Saturday, 19 January 2013

Kili 3 - Shira Plateau to Barranco Camp

Day 3 - Shira Plateau to Barranco Camp (3,950m)
The mystery of the dead butterflies. Music on the mountain. I am Poncho challenged. Lava Tower and a flurry of snow. We talk again about bladders.

There is frost on the ground and the porridge is most welcome. The plate of flattened fried eggs and cardboard toast is not quite so appetising. The coffee is beginning to taste almost human – but this maybe because of acute mountain sickness attacking my taste buds.

Polystyrene rocks
Once again a pole pole snails pace is set, and once again it takes 15 or so minutes to get into rhythm and once again once you’ve got it you’re invincible – in a modest sort of way.

The sparse vegetation is quickly left behind and we are now walking through what appear at first to be boulder fields but are probably heavily weathered lava sheets. It is possible to identify distinct strata of between half and two metres thick. In places the rocks are sculptured into groups of fantastic standing stones – so fantastic they could absurdly be moulded from polystyrene. Small white and yellow flowers shelter in crevices – scant relief in an otherwise very desolate landscape.

Here, and at higher altitudes there are dead butterflies strewn across our path. They are universally white with symmetrical brown markings on their wings. Why are they here? Have they been blown up, or have they voluntarily flown up and been destroyed by altitude and cold? What ever the answer we mysteriously never see a live one.

A Porter with a tent on his head, and 
a Daughter with a flower pot on hers
It is quiet up here, largely because the conversation on the lower slopes has dulled as we concentrate on walking and breathing.  In the windy silence distant music can be heard. It comes closer. A brief flash of anxiety from the fear of an aneurism or worse – this is not however the onset of an early death but a porter swinging by with an aged radio strapped to the back of his pack, and that is also a recurrent theme. It is impossible to have a clear and unencumbered walk for more than about ten minutes before the word “Porter” rattles up the column like a Chinese whisper and we step aside to let past some of the fittest and most badly shod young men in world. These guys carry the lot, often on their heads. It is also on this stretch that one of our own porters succumbs to the altitude, collapses and has to be rushed down the mountain on the back of one of his colleagues.

We luncheon (in our hastily erected mess tent) at a col near the base of Lava Tower which is an ancient volcanic plug. This is a most desolate place where everyone should be bouncing around at one tenth gravity in large white suits and silly helmets and calling each other “Buzz”. A grey, brown and dusty moonscape.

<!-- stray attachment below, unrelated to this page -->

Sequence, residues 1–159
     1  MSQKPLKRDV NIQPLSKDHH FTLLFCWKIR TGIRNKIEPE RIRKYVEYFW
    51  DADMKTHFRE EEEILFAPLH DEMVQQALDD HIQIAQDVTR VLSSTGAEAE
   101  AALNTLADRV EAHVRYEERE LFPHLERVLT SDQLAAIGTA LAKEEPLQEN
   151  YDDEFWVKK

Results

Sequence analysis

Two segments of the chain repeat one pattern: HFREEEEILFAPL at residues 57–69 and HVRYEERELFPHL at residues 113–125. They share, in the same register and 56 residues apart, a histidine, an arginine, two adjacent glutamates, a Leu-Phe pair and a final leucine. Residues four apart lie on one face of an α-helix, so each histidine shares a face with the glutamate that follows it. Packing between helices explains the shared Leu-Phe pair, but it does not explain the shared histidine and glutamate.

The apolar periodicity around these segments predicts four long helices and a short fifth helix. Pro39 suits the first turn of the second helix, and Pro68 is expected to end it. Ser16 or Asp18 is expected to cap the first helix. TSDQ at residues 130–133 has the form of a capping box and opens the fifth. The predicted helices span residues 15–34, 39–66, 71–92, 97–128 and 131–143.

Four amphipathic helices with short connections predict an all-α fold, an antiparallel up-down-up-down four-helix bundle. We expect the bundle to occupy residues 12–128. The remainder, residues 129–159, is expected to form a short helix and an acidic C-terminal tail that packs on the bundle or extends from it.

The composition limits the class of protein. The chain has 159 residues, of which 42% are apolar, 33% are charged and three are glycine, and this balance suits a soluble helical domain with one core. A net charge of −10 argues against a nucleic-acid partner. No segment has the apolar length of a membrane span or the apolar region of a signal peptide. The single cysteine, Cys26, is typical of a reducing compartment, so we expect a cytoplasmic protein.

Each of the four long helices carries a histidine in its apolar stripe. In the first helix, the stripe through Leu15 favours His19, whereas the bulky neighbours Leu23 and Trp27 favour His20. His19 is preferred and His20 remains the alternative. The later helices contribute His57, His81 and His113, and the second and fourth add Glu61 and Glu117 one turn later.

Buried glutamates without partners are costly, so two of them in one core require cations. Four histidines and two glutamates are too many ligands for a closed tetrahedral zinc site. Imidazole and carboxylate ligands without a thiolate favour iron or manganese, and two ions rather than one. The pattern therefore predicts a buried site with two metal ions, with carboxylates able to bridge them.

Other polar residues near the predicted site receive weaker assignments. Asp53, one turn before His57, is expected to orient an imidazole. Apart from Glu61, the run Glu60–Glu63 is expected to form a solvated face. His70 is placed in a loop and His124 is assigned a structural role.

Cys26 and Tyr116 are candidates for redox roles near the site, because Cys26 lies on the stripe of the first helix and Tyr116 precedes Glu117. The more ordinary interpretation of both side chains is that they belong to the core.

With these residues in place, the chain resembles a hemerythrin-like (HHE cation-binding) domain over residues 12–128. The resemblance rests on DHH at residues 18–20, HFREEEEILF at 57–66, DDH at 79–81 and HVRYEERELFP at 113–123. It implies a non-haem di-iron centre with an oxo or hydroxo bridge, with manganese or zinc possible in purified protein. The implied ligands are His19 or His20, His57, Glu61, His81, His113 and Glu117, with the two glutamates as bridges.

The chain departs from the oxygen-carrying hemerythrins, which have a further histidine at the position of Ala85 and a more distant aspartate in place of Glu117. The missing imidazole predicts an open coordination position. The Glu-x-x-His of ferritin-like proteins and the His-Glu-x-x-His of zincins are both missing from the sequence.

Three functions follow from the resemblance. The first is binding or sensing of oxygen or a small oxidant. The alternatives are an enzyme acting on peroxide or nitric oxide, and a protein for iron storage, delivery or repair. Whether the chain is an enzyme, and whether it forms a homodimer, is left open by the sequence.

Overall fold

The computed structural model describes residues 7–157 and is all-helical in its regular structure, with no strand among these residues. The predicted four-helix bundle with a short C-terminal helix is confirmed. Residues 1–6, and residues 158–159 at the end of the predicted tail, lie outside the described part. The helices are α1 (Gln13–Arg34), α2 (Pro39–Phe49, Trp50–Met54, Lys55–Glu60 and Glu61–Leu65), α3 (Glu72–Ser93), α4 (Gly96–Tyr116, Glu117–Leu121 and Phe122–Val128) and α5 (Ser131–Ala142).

Lava Tower with moon walkers
There is a threatening patter of rain and we all reach for our ponchos. I dive into my economy-priced green number which instantly rips down the front. Fortunately someone is far more prepared than I am and a duct-tape repair is effected. Much relieved I gingerly don the thing again - and the hood tears from brow to nape. Chinese industry may be exemplary, but their rain-wear sucks.

As we walk up towards the rear of Lava Tower the rain becomes tiny hailstones, and as we walk down from Lava Tower we experience for the first time snow which is light, fleeting and does not settle.

The long march up to Lava Tower is an exercise in acclimatisation, because from this pinnacle of 4,600m we then descend to 3,800m through a fascinating valley of broken rocks and mysterious caves. Leopard tracks were last seen here 5 years ago. The vegetation is colossal, with Senecio of between three to four metres tall and giant Lobelia. Through the clouds we glimpse Barranco Wall which is 500m high and at the base of which is Barranco Camp.

Gigantic Senecio with a small guide
Today has been the most varied and spectacular day so far.

Once again the primary topic of conversation at supper was matters of the bladder, and horror of horrors one of the party presented for inspection a device to enable ladies to wee from a standing position. I am not the squeamish sort but when this device is being brandished around the supper table and all I've got to defend myself is battered banana in one hand and a leg of fried Rook in the other I start feeling unsettled and vulnerable.

A mysterious and primordial valley
Next Day


  1. Why no photo of the ladies' wee apparatus?

  2. it is not possible to hold a battered banana and leg of fried rook in one hand and a camera in the other; the hand is not steady enough, and I am very pleased about this. For anyone interested I can send an appropriate link pertaining to the offending device . . . .


If you would like to comment - and I would welcome that - please do identify yourself as someone other than "anonymous"!